he could refuse to answer?
Mr. Edward Mosk: That is my position, Your Honor.
I would submit that on this record and the history of this case that that is the position that is a perfectly proper one.
He took the position and he said to the Committee, "The Supreme Court has already indicated by a previous decision that my position is certainly not a foolish position, that it is a principal position.
Now, you cannot ask me", he said to the Committee, "to change this principal position at this late day and in the light of the decision of this Court."
He said, however, "If you will ask me any questions about any kind of specific wrongdoing, any questions indicating that I have ever anywhere advocated the overthrow of the Government by force or violence or any other act of impropriety on my part, I will respond directly to that."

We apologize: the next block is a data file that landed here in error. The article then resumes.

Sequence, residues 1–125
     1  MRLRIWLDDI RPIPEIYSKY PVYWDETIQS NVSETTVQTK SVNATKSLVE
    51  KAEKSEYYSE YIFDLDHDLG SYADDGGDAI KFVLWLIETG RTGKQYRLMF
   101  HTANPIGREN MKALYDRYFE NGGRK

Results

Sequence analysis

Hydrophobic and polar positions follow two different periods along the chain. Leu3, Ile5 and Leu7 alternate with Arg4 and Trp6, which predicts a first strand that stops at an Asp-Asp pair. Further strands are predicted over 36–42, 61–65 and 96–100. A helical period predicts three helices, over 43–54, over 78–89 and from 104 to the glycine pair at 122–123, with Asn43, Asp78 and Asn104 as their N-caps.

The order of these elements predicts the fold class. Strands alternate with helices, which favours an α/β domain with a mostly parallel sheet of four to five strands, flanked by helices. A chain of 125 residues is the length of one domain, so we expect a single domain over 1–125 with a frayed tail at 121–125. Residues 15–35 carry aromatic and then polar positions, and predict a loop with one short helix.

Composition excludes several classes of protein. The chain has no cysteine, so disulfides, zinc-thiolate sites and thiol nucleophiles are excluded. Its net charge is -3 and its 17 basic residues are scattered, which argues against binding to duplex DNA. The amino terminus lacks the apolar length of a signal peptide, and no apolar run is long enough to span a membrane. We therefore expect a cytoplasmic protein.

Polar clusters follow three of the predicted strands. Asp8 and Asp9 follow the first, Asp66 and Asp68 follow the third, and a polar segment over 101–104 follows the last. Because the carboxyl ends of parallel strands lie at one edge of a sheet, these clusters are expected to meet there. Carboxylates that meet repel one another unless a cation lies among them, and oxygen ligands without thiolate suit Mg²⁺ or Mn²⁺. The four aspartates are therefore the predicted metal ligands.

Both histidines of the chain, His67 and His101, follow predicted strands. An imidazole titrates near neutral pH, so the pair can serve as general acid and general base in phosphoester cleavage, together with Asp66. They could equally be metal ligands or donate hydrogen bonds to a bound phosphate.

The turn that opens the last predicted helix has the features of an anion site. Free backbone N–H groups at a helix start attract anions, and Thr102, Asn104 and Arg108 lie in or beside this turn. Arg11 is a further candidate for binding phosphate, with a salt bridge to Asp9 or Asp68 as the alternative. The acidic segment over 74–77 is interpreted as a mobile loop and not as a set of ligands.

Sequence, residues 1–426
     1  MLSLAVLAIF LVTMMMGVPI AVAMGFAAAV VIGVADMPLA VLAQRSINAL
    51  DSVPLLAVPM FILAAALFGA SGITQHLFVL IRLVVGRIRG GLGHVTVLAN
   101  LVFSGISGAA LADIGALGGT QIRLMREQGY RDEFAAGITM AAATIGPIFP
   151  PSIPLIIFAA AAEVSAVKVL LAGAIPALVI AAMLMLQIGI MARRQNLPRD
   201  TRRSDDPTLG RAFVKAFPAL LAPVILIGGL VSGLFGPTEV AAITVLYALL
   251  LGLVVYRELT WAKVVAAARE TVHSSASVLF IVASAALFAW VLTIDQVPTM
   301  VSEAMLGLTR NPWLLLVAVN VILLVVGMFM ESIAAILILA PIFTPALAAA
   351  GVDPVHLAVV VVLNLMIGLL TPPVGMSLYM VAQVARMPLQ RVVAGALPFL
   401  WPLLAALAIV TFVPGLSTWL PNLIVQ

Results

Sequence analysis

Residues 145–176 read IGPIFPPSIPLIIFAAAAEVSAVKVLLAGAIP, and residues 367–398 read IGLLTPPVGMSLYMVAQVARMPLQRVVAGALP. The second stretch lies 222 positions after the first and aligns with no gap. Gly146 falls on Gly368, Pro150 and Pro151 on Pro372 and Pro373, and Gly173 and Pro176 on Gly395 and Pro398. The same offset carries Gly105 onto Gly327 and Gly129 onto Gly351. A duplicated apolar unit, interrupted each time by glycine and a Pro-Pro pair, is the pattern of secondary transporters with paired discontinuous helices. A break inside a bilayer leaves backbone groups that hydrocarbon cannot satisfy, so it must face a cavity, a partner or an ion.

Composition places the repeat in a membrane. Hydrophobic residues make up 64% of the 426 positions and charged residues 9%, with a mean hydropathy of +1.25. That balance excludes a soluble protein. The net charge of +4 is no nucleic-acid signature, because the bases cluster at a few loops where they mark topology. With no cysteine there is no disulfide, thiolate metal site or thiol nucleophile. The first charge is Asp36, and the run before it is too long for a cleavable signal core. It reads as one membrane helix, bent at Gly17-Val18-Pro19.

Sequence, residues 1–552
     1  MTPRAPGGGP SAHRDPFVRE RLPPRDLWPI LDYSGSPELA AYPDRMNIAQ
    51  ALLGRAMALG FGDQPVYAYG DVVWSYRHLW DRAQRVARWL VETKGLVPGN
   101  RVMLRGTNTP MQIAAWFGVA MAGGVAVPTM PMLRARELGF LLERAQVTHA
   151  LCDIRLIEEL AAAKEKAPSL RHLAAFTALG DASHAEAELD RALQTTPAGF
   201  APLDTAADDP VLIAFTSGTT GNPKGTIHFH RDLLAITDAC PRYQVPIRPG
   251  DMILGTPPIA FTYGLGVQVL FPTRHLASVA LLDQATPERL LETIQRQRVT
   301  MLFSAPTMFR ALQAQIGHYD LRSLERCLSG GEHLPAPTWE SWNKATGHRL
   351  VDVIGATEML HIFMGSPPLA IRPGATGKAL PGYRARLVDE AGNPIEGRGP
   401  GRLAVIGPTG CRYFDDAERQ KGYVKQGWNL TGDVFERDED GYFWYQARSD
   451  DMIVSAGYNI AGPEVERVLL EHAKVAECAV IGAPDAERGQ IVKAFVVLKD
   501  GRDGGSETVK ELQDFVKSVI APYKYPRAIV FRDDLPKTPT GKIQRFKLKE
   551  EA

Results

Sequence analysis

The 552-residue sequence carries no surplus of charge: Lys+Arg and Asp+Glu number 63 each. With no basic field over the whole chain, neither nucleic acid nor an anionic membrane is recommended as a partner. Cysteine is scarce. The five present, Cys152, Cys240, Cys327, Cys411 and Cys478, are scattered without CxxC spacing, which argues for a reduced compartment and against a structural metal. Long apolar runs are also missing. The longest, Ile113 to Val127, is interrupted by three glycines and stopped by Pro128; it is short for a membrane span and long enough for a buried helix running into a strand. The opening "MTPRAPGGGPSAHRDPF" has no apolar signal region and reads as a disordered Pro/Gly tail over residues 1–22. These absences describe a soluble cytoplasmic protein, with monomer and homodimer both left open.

And only in this limited area did he say that "I will not respond to the questions," but he did not foreclosed cross-examination at all.
It was just that the Committee had no facts upon which to go.
The Committee had no basis for proceeding further.
They have no information.
Their investigation had shown nothing.
Therefore, the Committee did not proceed further with any type of cross-examination.
So that, if you will read the -- the record and particularly the statements on pages 11 through 13 of our brief, I think you will find that there has been no cutting off of questioning as would seem to have been indicated by Mr. Belcher's statements.
Justice Potter Stewart: Mr. Mosk --
Mr. Edward Mosk: And so we submit to the Court --
Justice Potter Stewart: Mr. Mosk --